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Unusual Zeiss item

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  • Dogs Afire
    Just out of curiosity, does anyone know what the item in eBay auction 321033218728 (already concluded) might be? Essentially it looks like an optivar, but it
    Message 1 of 62 , Dec 7, 2012
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      Just out of curiosity, does anyone know what the item in eBay auction 321033218728 (already concluded) might be?

      Essentially it looks like an optivar, but it has only two windows, one red and one green.

      What would this be used for other than to tell the port side of your microscope from the starboard?

      Like I said, just curious. Never saw a piece like that before


      Don Baker


      [Non-text portions of this message have been removed]
    • J. Forster
      Not that I m about to buy fossilized critters, but is there any easy, reliable way to determine which is which? -John
      Message 62 of 62 , Dec 10, 2012
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        Not that I'm about to buy fossilized critters, but is there any easy,
        reliable way to determine which is which?

        -John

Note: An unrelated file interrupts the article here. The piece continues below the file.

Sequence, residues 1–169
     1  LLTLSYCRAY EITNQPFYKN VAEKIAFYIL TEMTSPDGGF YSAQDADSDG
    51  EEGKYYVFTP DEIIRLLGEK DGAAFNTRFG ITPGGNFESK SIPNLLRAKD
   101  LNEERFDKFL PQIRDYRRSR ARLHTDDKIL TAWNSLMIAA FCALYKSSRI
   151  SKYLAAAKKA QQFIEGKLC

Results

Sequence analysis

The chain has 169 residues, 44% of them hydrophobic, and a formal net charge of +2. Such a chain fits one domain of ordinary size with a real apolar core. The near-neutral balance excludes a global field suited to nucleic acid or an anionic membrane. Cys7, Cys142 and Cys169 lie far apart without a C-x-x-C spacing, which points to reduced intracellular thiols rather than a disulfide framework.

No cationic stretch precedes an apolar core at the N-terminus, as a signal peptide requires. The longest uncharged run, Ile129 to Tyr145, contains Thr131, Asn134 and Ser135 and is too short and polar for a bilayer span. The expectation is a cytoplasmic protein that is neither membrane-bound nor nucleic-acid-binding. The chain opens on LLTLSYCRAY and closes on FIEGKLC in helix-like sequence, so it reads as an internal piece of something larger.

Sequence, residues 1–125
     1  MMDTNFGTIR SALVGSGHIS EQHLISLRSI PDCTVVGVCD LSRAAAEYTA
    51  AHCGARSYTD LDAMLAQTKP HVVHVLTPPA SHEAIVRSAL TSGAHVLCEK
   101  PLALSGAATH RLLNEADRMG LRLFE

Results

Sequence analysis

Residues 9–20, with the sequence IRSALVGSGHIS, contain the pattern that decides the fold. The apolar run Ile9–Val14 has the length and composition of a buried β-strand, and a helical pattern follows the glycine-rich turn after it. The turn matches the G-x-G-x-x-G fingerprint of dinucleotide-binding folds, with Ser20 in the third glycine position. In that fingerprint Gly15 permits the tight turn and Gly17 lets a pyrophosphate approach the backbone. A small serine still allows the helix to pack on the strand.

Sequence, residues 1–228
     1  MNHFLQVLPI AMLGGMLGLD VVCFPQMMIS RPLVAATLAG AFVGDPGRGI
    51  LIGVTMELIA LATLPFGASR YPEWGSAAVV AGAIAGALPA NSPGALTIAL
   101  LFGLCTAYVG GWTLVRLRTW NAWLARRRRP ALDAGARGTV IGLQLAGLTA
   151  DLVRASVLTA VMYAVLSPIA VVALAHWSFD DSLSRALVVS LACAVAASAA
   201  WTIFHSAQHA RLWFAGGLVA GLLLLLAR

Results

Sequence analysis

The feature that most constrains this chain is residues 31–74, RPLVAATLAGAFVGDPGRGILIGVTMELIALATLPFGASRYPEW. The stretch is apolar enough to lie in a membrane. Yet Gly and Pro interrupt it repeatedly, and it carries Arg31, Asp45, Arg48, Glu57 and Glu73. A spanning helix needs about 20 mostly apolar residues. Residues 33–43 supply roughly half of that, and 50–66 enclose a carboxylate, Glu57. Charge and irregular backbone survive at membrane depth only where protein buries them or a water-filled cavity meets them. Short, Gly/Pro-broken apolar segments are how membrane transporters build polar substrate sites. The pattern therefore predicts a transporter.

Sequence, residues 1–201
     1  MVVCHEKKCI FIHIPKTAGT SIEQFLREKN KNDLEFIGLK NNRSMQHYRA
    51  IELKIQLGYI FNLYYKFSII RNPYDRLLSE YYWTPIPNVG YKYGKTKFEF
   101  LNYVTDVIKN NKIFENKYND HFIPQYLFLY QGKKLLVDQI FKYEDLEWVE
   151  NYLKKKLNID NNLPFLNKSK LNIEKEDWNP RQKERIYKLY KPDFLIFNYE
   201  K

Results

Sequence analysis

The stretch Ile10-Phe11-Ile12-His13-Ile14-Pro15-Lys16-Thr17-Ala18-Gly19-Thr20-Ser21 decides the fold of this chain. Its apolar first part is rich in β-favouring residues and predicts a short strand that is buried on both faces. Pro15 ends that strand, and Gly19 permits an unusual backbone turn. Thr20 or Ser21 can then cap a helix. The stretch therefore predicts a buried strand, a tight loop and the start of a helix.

===============


        >
        >
        > Hi,
        >
        > The labeling of amber vs. copal is an issue of occasional ignorance, as
        > well as willful ignorance and greed.  Amber is thoroughly polymerized and
        > is more of an actual plastic, whereas copal is a dried resin that is much
        > softer and less stable.  Amber is more rare, of course.  When I went to
        > the big Tuscon gem & mineral show, I saw hundreds of pounds of copal being
        > sold as amber; after some complaints, they changed the sign. 
        > Unfortunately, there is no regulatory body governing this (except perhaps
        > the Federal Trade Commission, and they won't care) so it is up to the
        > scientific community to "call B.S." on it.
        >
        > Don
        >
        >
        >
        > ________________________________
        > From: Charles Guevara <icecilliate123@...>
        > To: "Microscope@yahoogroups.com" <Microscope@yahoogroups.com>
        > Sent: Friday, December 7, 2012 8:00 PM
        > Subject: Re: [Microscope] Microscope Hobby Images
        >
        >   Thank you for this observation, Don.  At 
        > http://www.paleodirect.com/%c2%a0%c2%a0%c2%a0%c2%a0%c2%a0 there is a great section: 'copal vrs.
        > amber'.  It advises : 'ancient, hardened amber is not immature recent
        > plant resin copal'.  Yet perhaps to blurr the issue...I encounter the
        > description of a category termed: 'copal amber'!??
        >  
        >    A long time ago in NYC...resturants were by law directed to :'list the
        > origin of sea-food' , sold in that resturant.  Now with 'farmed shrimp
        > vrs. free-open caught shrimp'...etc., etc.,..it's: don't ask/don't tell
        > regarding source of your dinner.
        >